This online celebrity is famous for his late-night plays that attracted a large number of people to his stream, often leaving the competition (less known streamers) with almost entirely diminished viewer counts due to the appearance of a single, more popular competitor. You can imagine the frustration such a situation can create in many people.
An often overlooked side-effect of big-time female streamers, as well as male, being live at specific intervals is the fact that, sometimes, the audience themselves might start adapting to the time of their favorites, especially if we are talking about younger folks that love spending their time on Twitch. In some situations, the best time to stream on Twitch is when the stars start tunning in!
You can still decide that a specific peak time is right up your alley and that it accommodates your style of play, yet it is a risky gamble to simply stroll into such a situation without doing your “homework” (that is, being adeguately informed of how fierce is the competition).
However, this does not have to discourage you as sometimes you might really be the “next big thing” that just might get the audience riled up and jumping into your stream. Picking a time where the viewer to streamer ratio is very high, especially with trendy games, is usually occupied by streamers who have already monopolized that game market, yet it also means that there are many viewers present!
Regardless of what anyone says, freshness within monopolized gaming streams might become highly successful if they play their cards right. Since those cards have to trump what the top dogs are offering, you might be left with the middle of two extremes you can turn towards to;
- Stream popular games on days with high traffic that already have many active big-name streamers
- Choose less popular games and intervals of time that have fewer viewers and competition for you to compete with
Moving within the middle ground of both allows you to experiment, and even try your luck with both options if you so desire. Whatever the outcome, being armed with the right information will always be in your favor.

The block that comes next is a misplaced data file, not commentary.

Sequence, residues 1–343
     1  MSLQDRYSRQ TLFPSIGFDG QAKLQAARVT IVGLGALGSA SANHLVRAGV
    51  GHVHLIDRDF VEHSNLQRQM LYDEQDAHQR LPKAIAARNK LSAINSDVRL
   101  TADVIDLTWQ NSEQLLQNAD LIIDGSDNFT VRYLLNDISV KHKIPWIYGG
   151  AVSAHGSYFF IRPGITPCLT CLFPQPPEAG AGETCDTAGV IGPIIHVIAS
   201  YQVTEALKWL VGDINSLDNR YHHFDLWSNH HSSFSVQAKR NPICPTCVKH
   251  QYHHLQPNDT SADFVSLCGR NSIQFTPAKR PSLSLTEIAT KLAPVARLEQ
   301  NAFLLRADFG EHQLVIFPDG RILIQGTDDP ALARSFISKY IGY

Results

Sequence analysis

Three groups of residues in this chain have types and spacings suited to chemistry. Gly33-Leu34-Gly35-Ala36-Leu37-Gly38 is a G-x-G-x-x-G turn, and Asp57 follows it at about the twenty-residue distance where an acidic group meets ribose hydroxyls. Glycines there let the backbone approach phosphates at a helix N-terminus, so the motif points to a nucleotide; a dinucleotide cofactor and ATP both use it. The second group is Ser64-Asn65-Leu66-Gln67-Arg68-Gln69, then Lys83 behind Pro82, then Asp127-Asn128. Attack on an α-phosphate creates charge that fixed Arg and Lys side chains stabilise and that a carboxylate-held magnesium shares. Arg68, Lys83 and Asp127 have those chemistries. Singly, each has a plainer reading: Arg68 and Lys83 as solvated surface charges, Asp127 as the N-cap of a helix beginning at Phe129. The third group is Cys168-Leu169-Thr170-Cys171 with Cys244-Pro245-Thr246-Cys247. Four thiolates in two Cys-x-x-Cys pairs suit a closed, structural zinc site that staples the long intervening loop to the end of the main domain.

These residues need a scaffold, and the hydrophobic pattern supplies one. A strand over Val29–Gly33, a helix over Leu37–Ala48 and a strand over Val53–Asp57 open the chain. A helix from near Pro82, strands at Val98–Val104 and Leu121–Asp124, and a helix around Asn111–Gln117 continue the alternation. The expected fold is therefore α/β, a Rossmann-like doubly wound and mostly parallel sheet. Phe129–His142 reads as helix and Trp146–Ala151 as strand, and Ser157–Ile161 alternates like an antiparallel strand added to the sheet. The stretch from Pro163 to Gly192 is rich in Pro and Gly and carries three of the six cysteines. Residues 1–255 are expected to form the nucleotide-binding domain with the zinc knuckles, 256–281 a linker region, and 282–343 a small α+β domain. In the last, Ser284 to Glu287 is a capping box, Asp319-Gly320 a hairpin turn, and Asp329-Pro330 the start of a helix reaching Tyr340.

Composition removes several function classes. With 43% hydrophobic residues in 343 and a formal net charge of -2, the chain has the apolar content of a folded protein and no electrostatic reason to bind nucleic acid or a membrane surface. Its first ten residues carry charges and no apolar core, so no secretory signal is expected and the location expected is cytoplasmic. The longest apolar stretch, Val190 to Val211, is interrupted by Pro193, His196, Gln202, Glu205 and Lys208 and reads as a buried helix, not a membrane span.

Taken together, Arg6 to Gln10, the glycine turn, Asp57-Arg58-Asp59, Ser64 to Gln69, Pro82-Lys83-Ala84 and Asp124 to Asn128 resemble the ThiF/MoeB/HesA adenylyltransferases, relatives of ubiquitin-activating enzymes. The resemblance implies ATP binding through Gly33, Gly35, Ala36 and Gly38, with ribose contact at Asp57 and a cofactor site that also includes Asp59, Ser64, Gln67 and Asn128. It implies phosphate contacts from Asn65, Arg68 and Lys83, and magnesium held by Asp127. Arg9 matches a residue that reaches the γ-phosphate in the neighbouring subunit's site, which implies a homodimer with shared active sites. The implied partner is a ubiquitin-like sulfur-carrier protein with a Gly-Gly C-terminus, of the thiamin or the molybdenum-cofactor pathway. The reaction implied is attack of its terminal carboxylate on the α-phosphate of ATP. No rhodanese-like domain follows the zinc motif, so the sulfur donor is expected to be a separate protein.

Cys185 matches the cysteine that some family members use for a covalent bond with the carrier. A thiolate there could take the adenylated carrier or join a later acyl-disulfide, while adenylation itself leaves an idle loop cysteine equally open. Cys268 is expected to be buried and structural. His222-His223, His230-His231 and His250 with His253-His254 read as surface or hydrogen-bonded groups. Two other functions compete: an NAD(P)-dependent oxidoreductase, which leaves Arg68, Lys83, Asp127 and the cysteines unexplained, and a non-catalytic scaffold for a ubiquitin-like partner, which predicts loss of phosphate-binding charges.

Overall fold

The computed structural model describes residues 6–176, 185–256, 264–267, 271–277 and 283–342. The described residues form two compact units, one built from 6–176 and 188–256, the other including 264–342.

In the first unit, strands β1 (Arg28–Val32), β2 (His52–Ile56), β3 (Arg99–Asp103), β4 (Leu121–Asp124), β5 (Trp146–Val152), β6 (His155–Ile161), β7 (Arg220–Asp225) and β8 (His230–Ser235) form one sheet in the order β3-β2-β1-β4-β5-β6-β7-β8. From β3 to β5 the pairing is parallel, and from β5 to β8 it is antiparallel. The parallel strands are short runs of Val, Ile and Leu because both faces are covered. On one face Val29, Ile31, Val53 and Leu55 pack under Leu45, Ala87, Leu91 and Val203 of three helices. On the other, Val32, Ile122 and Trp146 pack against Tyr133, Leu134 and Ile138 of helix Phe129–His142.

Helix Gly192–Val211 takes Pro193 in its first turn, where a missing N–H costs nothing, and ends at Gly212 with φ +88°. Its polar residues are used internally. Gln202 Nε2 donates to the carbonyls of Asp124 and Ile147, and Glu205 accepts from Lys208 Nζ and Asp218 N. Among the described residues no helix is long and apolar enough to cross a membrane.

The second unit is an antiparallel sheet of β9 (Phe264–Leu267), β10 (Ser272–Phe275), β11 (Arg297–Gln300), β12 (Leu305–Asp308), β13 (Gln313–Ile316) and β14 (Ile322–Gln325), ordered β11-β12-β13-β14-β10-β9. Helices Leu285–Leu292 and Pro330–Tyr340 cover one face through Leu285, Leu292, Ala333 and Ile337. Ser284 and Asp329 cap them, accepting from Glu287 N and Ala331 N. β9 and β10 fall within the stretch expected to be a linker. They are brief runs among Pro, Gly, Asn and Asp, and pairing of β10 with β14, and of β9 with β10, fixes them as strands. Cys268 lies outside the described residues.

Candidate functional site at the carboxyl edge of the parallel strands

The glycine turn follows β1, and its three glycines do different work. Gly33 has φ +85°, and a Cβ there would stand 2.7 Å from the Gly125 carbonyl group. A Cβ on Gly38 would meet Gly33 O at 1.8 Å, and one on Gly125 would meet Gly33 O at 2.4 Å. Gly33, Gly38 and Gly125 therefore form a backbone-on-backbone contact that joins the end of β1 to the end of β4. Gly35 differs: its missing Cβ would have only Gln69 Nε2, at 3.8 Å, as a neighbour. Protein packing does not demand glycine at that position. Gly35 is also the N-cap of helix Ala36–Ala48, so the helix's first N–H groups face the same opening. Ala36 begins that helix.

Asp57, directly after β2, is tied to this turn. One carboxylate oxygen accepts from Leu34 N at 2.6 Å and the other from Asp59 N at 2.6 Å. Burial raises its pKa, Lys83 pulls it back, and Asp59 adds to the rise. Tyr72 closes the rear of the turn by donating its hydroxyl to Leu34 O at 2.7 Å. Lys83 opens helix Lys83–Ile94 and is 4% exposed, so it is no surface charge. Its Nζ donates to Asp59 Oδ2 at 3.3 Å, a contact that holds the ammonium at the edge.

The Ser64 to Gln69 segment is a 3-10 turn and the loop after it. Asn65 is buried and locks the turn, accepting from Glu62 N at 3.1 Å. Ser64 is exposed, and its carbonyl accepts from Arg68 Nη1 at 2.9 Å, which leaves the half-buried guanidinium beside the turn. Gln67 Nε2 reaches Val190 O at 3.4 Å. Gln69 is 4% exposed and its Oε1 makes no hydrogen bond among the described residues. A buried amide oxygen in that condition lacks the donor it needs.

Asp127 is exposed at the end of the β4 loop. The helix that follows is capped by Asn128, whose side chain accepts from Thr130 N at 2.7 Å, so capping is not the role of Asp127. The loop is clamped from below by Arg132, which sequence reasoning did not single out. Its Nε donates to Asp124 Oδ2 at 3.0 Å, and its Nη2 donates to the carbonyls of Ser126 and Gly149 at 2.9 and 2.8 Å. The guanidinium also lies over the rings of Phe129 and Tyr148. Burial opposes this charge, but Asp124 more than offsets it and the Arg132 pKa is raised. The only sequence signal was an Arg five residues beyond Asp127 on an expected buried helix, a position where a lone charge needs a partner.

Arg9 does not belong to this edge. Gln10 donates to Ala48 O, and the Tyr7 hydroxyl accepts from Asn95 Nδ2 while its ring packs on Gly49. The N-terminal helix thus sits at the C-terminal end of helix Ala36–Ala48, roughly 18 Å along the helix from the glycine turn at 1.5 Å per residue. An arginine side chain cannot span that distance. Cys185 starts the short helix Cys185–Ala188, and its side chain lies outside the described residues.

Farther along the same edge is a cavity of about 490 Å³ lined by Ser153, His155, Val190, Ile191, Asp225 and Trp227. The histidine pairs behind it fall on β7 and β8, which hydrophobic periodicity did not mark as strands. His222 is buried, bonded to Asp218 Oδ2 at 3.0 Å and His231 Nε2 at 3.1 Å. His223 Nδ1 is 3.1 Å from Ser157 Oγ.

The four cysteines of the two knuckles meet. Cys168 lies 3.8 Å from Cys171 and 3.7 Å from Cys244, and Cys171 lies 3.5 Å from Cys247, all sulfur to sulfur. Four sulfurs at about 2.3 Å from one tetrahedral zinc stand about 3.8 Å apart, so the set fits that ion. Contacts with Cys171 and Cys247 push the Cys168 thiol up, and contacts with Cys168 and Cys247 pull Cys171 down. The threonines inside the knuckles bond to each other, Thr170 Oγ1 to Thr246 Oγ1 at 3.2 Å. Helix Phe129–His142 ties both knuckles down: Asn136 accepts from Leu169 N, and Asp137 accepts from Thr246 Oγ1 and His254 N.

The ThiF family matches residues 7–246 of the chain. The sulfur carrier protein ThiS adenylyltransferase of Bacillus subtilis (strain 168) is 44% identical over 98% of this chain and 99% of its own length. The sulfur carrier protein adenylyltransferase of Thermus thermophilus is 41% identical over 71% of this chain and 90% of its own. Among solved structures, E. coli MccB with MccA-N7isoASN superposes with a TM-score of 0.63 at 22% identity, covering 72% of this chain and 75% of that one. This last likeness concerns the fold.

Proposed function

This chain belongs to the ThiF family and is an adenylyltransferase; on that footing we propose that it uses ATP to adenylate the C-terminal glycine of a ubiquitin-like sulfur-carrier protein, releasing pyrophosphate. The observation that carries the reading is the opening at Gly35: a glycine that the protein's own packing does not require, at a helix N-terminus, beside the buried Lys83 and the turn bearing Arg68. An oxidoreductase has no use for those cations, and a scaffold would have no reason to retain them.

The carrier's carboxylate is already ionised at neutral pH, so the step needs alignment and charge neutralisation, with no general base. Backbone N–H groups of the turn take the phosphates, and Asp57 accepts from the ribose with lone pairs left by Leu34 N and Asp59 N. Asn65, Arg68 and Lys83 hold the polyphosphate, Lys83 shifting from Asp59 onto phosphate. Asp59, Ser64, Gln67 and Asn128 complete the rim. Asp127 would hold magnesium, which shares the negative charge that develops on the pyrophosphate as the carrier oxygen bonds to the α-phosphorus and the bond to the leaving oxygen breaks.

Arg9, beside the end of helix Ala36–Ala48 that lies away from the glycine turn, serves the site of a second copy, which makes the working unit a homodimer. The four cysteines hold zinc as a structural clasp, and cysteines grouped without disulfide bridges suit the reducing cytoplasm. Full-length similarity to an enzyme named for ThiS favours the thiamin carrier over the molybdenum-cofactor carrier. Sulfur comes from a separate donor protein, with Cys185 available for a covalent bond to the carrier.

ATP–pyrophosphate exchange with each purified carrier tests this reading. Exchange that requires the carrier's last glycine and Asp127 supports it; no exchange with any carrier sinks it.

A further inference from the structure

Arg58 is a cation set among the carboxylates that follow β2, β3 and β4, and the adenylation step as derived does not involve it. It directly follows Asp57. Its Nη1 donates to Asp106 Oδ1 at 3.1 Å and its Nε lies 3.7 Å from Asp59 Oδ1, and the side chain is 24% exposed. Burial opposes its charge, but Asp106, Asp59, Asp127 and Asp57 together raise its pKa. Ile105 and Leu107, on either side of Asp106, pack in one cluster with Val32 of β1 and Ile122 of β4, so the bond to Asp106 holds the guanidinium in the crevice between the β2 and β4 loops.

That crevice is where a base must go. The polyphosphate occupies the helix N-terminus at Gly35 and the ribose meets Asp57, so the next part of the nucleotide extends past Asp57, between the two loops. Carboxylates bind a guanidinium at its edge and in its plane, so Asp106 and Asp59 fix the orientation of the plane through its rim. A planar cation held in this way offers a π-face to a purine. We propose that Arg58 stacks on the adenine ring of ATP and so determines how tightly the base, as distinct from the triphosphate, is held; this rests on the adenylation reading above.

2. Your choice of game
An inseparable ingredient to every stream is, you guessed it, games that you broadcast to people (unless you count in “Just chatting”). That being said, your audience’s wants and tastes should correlate with your own to the extent that the activity is enjoyable on both ends.
You can pick up a popular game and take a small slice of the cake for yourself while the rest goes either to a small number of popular streamers or to a large number of less-known players on Twitch.
Taking into account the most popular choices for streaming, as detailed by SullyGnome, you can get an accurate picture of how much the potential payoff and risk is involved in picking a popular game;
There is almost always a balance in whatever choice you opt for, yet dead gaming communities will get you nowhere. At this point, you can also opt for picking a game that is not streamed as much as the rest, yet are still good pickings, and start attracting an audience during Twitch peak hours.
Being creative in this case is exceptionally beneficial, as people are more likely to jump in streams that are featuring new and exciting titles even if they don’t yet know the content creator. This is especially true for drawn-out game markets that keep dishing out identical games, which often gets tedious for all parties involved (even streamers who play it safe and keep streaming the same game for weeks get bored of it sooner or later).
3. What works best for you?
Even if you are a hardcore professional streamer, making huge compensations that take large chunks of your personal life out of the equation in favor of streaming is not a deal you should get yourself into.
A common mistake for both rookies and veterans alike is to set before themselves a schedule that demands way too much for them and, eventually, forces them to re-create their plans from scratch.
If getting tangled up in such a mess was not problematic enough, it is not uncommon for streamers to inform their subscribers and followers (directly or indirectly) about their streaming intervals and when their audience can expect them to be online. Some people might quit being regulars on your channel due to sub-par planning.
The perfect line between streaming and your personal life should not intervene, especially for hobbyists. What you could do is stream for a couple of hours during your free time and leave some extra space that you can use for “additional streaming” if your free time allows it.
Many games often have different best times to stream on Twitch, so that factor can be taken into consideration when picking a game of your choice.
That way, you can indulge in investing your time even in peak hours for streaming and not suffer any consequences that could arise from inadequate planning and the inability to follow up with a specific plan.